Dan Hurley: From a bingo hall to coach of the Los Angeles Lakers?

Inside the White Eagle Bingo Hall is where Hurley first learned the game of basketball

The basketball origin story of Dan Hurley — the man on precipice of walking away from the opportunity to win a third consecutive national title to take over the vaunted, glamorous, celebrity-rich Los Angeles Lakers — was born in a 65-foot long, high-ceiling room attached to an inner-city church rectory built for functions and fundraisers.

The White Eagle Bingo Hall in Jersey City, New Jersey, was a basketball gym only because someone pegged a couple of hoops on either end (one famously 2 inches higher than regulation). It had more in common with the 1890s YMCA where James Naismith first brought out some peach baskets than gleaming Arena in downtown Los Angeles.

It was inside the White Eagle that Dan Hurley — reigning two-time national champ at Connecticut, reported first choice in the Lakers' coaching search — first learned the game. It’s where he first learned the fire that was needed, first learned the fight that it required, first learned the talent and tenacity necessary to separate victory from defeat.

And it was there that he and his older brother, current Arizona State head coach Bobby Hurley, learned that every last tactical advantage, every inch of separation gained on a cut here, a flare there mattered. He learned that the little things count on a court that was some 20-feet shorter than regulation, whose unforgiving walls stood just 2 feet from out of bounds.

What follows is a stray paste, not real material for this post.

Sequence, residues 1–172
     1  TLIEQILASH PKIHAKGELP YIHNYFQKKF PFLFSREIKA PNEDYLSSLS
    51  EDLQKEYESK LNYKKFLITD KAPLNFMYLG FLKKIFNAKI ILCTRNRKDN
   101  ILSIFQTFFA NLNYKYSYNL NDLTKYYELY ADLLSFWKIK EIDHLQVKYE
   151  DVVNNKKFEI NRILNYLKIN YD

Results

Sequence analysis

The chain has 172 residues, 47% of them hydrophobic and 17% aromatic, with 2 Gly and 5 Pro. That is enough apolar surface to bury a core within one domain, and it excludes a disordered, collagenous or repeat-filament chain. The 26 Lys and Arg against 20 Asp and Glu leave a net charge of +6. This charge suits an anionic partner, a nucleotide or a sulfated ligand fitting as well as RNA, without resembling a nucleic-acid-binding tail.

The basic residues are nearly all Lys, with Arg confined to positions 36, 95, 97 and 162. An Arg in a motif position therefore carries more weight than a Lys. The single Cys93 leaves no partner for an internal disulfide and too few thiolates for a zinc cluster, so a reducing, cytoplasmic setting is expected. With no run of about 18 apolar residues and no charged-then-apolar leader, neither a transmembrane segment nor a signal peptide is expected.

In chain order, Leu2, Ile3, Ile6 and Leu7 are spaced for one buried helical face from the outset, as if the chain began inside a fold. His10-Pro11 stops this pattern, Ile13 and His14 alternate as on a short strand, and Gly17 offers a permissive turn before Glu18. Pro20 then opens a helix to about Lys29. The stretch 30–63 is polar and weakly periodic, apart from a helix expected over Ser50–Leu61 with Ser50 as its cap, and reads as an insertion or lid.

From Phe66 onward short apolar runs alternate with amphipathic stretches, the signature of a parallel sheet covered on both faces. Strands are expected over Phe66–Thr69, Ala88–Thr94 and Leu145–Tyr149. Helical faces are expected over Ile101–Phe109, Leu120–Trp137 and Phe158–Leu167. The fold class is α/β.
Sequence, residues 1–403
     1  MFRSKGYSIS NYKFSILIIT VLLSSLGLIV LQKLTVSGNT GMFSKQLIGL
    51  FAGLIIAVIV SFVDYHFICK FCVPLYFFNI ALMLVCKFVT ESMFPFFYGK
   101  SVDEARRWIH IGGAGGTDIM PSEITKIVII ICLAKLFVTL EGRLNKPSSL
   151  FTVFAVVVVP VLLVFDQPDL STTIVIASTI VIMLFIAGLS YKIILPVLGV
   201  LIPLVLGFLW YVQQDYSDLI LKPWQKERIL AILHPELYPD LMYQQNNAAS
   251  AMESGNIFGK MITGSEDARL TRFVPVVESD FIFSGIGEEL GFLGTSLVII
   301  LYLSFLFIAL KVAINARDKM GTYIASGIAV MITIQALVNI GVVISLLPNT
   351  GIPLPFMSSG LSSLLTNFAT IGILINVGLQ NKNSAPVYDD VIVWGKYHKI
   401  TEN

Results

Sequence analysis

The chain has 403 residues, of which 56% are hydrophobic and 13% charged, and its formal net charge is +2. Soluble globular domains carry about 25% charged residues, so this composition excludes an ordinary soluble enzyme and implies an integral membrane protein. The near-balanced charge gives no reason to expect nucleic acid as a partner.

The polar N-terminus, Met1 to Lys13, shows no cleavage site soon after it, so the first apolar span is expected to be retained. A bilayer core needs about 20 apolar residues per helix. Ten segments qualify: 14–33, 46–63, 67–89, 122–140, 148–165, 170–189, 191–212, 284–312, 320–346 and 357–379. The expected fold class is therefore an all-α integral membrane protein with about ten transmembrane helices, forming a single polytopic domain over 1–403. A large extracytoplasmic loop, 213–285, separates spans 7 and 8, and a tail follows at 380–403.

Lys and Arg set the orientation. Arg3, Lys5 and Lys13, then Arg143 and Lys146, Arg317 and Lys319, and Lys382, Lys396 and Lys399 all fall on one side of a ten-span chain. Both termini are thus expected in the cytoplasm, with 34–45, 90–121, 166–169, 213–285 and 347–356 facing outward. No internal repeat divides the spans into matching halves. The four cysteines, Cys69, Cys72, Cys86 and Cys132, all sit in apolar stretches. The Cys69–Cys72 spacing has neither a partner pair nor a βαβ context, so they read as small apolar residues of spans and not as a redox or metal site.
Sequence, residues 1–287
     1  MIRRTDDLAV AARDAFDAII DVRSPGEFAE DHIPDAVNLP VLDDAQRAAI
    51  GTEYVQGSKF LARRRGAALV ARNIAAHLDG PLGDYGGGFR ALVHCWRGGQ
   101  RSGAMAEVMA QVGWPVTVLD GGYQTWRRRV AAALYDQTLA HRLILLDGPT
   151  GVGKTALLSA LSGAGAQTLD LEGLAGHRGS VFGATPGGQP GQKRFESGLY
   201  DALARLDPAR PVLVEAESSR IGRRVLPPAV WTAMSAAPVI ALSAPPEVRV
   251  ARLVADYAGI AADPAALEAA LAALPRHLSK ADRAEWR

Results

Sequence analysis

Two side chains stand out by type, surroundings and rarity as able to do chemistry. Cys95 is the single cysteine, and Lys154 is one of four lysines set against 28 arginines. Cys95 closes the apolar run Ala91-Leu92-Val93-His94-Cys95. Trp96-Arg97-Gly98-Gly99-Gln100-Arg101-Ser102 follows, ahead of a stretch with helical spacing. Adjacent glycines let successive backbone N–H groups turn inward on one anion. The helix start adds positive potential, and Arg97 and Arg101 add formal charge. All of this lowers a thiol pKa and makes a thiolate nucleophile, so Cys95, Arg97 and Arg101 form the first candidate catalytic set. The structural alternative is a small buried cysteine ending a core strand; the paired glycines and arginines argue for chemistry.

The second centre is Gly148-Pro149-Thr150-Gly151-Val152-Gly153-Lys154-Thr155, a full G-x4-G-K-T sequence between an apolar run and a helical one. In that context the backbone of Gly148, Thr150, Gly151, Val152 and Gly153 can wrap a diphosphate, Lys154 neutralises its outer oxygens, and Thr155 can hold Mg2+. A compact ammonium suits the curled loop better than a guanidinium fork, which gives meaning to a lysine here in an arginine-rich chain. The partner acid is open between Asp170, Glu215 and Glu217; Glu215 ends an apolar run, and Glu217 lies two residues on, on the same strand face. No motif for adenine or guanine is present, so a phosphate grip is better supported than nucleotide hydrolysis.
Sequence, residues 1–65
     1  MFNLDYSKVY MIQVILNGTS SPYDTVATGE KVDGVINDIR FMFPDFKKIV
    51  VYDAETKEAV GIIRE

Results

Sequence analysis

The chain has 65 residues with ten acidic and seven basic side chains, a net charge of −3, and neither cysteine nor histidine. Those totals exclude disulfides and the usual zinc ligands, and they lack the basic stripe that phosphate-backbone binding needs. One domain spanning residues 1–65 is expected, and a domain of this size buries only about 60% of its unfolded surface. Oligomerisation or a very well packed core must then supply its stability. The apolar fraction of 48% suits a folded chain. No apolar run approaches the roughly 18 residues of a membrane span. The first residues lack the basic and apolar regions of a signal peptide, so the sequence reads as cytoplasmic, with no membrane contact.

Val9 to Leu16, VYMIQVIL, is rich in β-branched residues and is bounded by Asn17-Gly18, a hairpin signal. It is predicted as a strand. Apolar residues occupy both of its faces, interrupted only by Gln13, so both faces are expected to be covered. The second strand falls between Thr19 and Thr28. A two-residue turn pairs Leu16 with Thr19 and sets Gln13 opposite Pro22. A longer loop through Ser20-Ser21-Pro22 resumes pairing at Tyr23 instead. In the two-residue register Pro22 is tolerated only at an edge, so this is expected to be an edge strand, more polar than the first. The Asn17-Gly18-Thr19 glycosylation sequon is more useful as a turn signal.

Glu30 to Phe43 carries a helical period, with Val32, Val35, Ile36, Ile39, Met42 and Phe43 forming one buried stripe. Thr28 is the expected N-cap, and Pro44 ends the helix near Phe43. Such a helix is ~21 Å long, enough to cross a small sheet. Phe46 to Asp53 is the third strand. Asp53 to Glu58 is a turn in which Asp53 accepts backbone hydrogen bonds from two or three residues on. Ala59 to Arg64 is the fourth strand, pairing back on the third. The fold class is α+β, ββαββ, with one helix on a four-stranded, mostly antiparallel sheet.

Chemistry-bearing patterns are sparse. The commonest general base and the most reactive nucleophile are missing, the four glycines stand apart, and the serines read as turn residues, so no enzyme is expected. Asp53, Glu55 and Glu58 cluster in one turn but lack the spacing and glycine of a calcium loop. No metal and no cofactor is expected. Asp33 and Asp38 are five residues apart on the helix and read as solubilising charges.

How do you get open shots on a court where “open” didn’t exist? How do you box out inside of a box?

By being somehow both tougher and smarter than the other guys.

March 11, 1990: Lincroft, NJ, USA: St. Anthony High School's boys basketball team of Jersey City competes for the Parochial B State championship against St. Peter's of New Brunswick in Lincroft on March 11, 1990. Injured point guard Dan Hurley is carried from the court by his coach and father Bob Hurley Sr. Mandatory Credit: Linda Cataffo-USA TODAY NETWORK
Bob Hurley won 26 New Jersey state titles at St. Anthony High School, including in 1990 when he carried his injured son, Dan, from the court in the championship game. (Linda Cataffo/USA TODAY NETWORK)

This was the basketball office of Bob Hurley, Dan’s father, who spent his days as a Hudson County probation office and his nights as about the most demanding coach basketball ever knew. Bob Hurley took over at St. Anthony’s High School in 1972 and won 26 state titles over the next 39 seasons, sending some 150 players on to college scholarships.

The actual St. Anthony’s high school was down the street, hard by the Holland Tunnel, in a squat four-story, mid-block structure that was so small it didn’t even have the comically limited space The Eagle could offer. Bob Hurley managed to win four national titles at a high school with literally no gym. No wonder he was enshrined in the Naismith Basketball Hall of Fame.

St. Anthony’s never played an actual “home” game. That dusty bingo hall was all there was for practice. A couple times a year the boys would grab hammers and help their dad bang protruding nails back into the hardwood floor.